Author: Farah Barakat, Hudara
The social movement among students is demanding that climate action be implemented as comprehensively, quickly and efficiently as possible. Local groups formed everywhere, big demonstrations took place, the media reported, attention was high. Then Corona came and the pandemic meant: hardly any demos, hardly any meetings, other problems. Many of the participants are frustrated above all, because although 1.4 million people were on the streets all over Germany, there was little political action. But many from the FFF are still there, like Dennis Gerog, and the findings of the new Intergovernmental Panel on Climate Change (IPCC) show that drastic efforts to reduce greenhouse gases are increasingly urgent.
What sparked your interest in getting involved with FFF?
My activism started when I was still a student and not politically active. The only thing I knew about climate change until then was that it was bad. When a local group formed in Darmstadt, I joined the movement and was soon sent as a delegate to the large, nationwide group to carry important information about upcoming decisions to our local group. It was a great time to see how the movement grew bigger with every demonstration and how the visibility of the issue “climate crisis” increased every week.
How would you suggest could young people get more involved in policy, decision-making and sustainability action, in addition to their advocacy role through the demonstrations?
The two biggest ways – in my opinion – are either to give them a voice by lowering the voting age to 16 or to create citizens’ councils that include people from all generations and backgrounds. Other organisations are already taking aim at these issues. FFF is trying to support through social media or mutual skill sharing.
What do you think are achievements of the movement? What are probably also disappointments and things to continue working on in future actions?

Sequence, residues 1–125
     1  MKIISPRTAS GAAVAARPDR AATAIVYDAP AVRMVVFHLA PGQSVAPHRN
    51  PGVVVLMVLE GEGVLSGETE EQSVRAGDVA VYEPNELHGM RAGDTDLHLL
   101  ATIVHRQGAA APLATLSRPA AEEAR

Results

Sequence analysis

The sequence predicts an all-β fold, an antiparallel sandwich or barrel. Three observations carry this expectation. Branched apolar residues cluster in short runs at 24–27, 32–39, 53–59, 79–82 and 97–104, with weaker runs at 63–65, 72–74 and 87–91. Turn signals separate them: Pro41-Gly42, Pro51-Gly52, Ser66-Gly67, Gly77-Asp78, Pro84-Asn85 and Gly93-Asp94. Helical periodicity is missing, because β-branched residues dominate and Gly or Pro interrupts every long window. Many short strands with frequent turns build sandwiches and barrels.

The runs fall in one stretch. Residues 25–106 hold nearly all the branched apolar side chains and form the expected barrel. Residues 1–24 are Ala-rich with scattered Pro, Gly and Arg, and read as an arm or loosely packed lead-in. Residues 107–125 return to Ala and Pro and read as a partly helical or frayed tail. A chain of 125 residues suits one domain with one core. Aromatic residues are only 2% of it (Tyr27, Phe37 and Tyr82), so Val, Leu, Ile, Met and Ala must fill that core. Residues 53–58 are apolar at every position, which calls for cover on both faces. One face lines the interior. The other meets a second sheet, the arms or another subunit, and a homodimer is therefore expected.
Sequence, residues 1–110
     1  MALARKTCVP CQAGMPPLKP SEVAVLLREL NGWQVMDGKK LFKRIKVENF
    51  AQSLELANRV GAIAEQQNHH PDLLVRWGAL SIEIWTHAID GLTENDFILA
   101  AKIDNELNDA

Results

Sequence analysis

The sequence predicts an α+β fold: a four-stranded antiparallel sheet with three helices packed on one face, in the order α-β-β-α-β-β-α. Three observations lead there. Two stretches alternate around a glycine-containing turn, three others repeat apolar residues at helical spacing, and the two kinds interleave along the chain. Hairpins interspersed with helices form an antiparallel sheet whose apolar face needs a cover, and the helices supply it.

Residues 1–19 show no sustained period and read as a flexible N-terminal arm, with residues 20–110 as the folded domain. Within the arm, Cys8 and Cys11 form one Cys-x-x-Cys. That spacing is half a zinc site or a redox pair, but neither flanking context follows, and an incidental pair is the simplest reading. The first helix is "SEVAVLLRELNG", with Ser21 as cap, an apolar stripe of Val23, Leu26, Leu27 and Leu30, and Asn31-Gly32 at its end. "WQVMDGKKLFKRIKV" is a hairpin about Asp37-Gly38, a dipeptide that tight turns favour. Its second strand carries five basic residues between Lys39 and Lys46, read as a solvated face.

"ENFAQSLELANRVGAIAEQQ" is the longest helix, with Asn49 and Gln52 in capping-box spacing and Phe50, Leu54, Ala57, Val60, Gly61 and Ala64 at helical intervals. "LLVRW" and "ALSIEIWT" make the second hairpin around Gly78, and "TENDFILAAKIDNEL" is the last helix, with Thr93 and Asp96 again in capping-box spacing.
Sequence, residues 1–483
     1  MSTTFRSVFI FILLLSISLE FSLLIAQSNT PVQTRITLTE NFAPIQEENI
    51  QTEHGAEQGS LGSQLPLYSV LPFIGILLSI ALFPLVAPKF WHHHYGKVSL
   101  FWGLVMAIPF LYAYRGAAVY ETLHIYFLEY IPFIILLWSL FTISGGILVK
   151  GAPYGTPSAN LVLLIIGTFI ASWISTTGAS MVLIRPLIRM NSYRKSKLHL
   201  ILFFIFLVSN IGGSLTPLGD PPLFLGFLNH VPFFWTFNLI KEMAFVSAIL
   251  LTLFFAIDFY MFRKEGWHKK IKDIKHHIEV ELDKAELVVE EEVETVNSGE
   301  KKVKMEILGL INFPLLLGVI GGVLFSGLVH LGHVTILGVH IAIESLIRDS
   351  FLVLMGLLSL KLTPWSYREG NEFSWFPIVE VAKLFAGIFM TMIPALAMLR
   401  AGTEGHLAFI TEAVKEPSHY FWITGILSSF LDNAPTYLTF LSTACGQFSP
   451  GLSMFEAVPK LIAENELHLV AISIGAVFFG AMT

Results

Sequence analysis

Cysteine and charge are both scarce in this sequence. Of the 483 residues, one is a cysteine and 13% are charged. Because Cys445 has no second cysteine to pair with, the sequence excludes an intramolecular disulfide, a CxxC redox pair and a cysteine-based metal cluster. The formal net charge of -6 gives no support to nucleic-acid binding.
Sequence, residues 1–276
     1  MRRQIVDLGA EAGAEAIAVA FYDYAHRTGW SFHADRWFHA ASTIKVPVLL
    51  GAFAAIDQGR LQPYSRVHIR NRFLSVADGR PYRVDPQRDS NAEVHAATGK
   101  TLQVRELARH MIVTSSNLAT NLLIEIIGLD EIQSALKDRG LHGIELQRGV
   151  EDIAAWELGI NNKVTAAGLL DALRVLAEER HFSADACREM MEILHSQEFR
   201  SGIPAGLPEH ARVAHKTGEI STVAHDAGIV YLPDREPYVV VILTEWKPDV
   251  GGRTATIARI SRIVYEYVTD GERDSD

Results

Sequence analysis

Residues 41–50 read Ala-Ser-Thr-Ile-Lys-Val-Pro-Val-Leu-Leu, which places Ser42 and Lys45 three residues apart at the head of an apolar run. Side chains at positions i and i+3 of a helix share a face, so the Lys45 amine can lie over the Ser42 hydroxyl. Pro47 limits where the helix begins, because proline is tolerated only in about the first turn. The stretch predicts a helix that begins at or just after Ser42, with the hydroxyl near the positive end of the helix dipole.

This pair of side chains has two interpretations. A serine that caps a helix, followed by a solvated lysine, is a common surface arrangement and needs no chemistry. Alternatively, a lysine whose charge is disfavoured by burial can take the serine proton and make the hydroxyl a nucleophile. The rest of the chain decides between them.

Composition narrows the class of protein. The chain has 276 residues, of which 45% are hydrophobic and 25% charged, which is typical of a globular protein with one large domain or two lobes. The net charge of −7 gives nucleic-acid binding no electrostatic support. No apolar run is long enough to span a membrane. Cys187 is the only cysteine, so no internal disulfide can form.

Our biggest achievement – in my opinion – is the change in the influence of science on policy decisions. Although much more needs to change, we have received feedback that scientists are increasingly invited to meetings with politicians and other influential events as “scientists for the future”. This is incredible! Another visible achievement of our movement is certainly the media coverage and attention to the climate crisis. This forces politicians to do something about climate change (or at least pretend to).
However, this “greentalking” is one of our biggest disappointments. Although we are forcing politicians to act, they have made decisions like the “coal phase-out law” in Germany. This is being sold as a great step against climate change, although it is impossible to achieve the greenhouse gas reduction targets with it in the time frame necessary. This was like a slap in the face for every climate activist. Especially because these decisions were taken shortly after we had managed to get 1.4 million people out on the streets. This lack of adequate action and political honesty is our biggest disappointment.
A few activists from Fridays for Future are now entering politics and this is causing controversy. Some say that these representatives can bring new ideas from the movement into politics and that it is the logical next step if you want to achieve changes in the political/economic system. Others say it is a movement and it needs to stay true to itself, focus on its mission and continue to raise its voice to bottom-up politics.
I think it is one of several possible next steps in an activist’s life. If someone realises that politics is something that fulfils him/her or feels that they can use their strengths in parliamentary debate to achieve our common goal, then that is probably the right decision for that person. There is a great shortage of young people in local politics in particular. However, this is a possibility for the individual activist, not the next step in the life cycle of the movement. Because one big goal of our movement is to get many politicians of all parties to respond to our demands and do more about the climate crisis. If we as a movement decide to join one or a few political parties, we become just another political current and our position as a non-partisan, macro-social voice of science is lost.
How can organisations like Hudara and other NGOs support the movement and the work you are doing for FFF?
It can illuminate ways in which the things we at FFF are fighting for on the streets actually work when there is the will to implement them. It can show that concerns about feasibility are an irrational fear of change and that it is possible to take abstract concepts like intersectionality into practice. Synergies in outreach and funding are also a good way forward. I want to emphasise that the best kind of support is mutual. This means that the impact of our efforts is amplified together to move closer to our one goal of global climate justice.